The Warrumbungle National Park forms an extensive and spectacular geomorphological site, and the bold volcanic landforms are unrivalled anywhere else in Australia. The landscape of spires, domes, plugs and dykes is uncommon in Australia, and the sharp rise of the landform from the surrounding plain to heights of more than 700 metres contributes to the aesthetic drama. The Warrumbungles represent one of the best examples of a number of central shield volcanoes along the east coast of Australia, and have a wide array of outstanding volcanic features, including domes, plugs, dykes, sills, lava-flows, tuff layers, and horizontal and vertical columns. Some of the spectacular and well-known volcanic features of the Warrumbungles include the Breadknife, a narrow 90 metre high dyke that stretches for half a kilometre; Bluff Mountain, a trachyte dome with a near-vertical face 250 metres high, and Belougery Spire, a plug that illustrates horizontal trachyte columns. The Warrumbungles are in a transition zone between the arid western and wetter coastal zones, and are of significance as a refugium in inland south-east Australia that supports exceptionally high numbers of species when compared to most other inland places in southern Australia.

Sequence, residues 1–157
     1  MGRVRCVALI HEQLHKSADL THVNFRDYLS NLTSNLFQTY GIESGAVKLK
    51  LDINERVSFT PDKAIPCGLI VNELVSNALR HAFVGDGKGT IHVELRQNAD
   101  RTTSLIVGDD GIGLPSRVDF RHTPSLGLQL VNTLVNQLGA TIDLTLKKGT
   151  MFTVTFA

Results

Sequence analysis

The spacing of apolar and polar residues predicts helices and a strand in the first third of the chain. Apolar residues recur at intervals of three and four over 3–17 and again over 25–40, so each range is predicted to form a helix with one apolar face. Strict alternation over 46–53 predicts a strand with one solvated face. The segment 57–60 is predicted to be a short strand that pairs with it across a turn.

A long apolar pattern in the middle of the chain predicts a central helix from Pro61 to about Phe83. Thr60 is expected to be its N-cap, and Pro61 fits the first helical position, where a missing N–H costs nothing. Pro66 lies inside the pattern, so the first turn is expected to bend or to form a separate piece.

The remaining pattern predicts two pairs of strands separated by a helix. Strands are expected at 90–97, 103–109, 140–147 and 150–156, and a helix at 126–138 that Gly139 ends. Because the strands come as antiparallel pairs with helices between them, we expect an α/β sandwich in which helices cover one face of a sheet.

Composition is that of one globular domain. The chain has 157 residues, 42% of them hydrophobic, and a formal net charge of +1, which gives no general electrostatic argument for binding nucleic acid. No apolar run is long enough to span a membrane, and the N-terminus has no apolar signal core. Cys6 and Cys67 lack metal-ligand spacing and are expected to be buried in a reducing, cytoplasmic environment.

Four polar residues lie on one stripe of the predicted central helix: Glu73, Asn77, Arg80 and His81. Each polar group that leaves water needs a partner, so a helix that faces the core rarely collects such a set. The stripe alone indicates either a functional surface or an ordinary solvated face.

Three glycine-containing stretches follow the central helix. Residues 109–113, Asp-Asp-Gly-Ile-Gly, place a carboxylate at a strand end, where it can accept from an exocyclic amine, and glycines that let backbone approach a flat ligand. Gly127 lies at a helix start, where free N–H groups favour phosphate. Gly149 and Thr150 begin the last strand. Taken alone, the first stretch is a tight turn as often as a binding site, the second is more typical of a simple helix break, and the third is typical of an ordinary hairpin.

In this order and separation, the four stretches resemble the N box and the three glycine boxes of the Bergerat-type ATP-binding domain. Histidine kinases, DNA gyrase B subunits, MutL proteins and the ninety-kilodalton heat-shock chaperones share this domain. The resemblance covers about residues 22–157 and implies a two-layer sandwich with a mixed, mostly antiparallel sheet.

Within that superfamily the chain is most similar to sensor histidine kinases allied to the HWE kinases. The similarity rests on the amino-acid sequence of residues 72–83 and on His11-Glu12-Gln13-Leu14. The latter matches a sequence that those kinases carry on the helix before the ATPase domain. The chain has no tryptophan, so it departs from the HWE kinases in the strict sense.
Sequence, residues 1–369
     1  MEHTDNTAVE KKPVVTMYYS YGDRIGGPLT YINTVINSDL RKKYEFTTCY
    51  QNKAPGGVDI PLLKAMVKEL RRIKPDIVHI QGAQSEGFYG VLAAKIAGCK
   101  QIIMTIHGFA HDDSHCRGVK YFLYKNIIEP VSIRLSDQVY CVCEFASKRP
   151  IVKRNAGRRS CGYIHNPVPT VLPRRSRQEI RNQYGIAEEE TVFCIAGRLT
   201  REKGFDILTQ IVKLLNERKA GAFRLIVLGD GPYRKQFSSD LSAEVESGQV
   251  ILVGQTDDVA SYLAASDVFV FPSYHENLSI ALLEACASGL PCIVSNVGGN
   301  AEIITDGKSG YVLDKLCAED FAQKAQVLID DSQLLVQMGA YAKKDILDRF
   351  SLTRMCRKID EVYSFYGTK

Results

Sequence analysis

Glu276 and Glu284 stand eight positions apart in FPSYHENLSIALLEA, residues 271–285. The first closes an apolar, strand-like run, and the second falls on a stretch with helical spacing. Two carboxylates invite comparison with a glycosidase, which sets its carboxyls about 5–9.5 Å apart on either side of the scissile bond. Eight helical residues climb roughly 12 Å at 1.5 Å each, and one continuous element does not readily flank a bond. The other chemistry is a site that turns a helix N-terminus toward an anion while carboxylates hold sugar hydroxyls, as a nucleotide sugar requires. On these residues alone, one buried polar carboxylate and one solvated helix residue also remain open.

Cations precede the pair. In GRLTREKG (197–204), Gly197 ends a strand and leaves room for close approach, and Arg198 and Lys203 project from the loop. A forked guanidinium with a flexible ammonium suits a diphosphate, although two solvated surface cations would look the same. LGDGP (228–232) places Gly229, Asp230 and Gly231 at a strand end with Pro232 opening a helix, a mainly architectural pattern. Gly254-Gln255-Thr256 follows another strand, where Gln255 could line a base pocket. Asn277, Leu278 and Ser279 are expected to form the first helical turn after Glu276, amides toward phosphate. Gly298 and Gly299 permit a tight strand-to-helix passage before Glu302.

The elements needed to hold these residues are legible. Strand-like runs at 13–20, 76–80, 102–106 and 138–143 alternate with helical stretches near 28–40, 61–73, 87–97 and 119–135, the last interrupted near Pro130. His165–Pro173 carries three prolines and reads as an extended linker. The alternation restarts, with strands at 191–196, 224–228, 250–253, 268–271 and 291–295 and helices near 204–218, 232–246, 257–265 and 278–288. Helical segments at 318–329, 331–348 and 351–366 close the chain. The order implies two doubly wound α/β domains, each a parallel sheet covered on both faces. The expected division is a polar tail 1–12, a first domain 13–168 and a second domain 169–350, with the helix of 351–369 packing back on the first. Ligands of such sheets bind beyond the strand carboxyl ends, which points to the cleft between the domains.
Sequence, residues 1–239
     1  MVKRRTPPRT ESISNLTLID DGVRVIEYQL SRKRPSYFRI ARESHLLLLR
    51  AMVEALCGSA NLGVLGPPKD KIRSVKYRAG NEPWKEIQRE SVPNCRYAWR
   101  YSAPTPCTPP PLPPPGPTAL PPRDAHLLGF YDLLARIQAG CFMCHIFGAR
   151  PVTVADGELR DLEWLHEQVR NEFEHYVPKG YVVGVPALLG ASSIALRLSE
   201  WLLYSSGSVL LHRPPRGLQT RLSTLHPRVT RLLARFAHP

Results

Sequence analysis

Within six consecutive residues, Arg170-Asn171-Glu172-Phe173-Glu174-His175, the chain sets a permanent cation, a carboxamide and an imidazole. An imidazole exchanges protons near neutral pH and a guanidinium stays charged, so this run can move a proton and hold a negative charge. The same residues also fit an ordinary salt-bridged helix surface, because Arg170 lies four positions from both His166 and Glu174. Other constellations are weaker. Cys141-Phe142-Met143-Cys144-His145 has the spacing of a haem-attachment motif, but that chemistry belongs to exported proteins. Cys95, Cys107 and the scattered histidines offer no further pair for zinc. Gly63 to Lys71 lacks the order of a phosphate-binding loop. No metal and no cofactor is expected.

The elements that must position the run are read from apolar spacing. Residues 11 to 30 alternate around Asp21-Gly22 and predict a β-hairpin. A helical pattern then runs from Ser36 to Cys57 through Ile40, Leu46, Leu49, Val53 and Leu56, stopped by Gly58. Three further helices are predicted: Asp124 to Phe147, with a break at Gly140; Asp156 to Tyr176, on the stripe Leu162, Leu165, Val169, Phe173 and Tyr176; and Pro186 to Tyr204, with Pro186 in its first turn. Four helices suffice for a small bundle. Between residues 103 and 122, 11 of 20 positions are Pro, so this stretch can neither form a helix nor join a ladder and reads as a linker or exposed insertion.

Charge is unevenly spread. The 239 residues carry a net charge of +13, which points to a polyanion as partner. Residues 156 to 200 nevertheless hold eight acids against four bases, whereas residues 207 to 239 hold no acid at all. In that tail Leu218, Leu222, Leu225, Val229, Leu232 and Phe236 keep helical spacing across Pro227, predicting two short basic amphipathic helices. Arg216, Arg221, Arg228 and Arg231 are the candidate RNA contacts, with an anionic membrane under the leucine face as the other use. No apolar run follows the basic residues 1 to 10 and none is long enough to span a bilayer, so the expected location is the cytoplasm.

Warrumbungle National Park
Government evidence of impact of climate change:
NSW National Parks & Wildlife Service, Warrumbungle National Park Plan of Management
Projections of future changes in climate for NSW include higher temperatures; increasing sea levels and water temperatures; elevated CO2; more intense but possibly reduced annual average rainfall; increased temperature extremes and higher evaporative demand.
Climate change may significantly affect biodiversity by changing population size and distribution of species; modifying species composition; and altering the geographical extent of habitats and ecosystems.
Programs to reduce the pressures arising from other threats; such as habitat fragmentation; invasive species; bushfires; pollution and urban expansion; will help reduce the severity of the effects of climate change.
Desired Outcome The effects of climate change on natural systems are reduced.
However; inappropriate fire regimes can lead to loss of particular plant and animal species and communities; and high frequency fires have been listed as a key threatening process under the TSC Act.
The power line is under continual threat from overhanging or falling branches and trees and this situation has worsened in the recent drought which has caused the death of many large trees.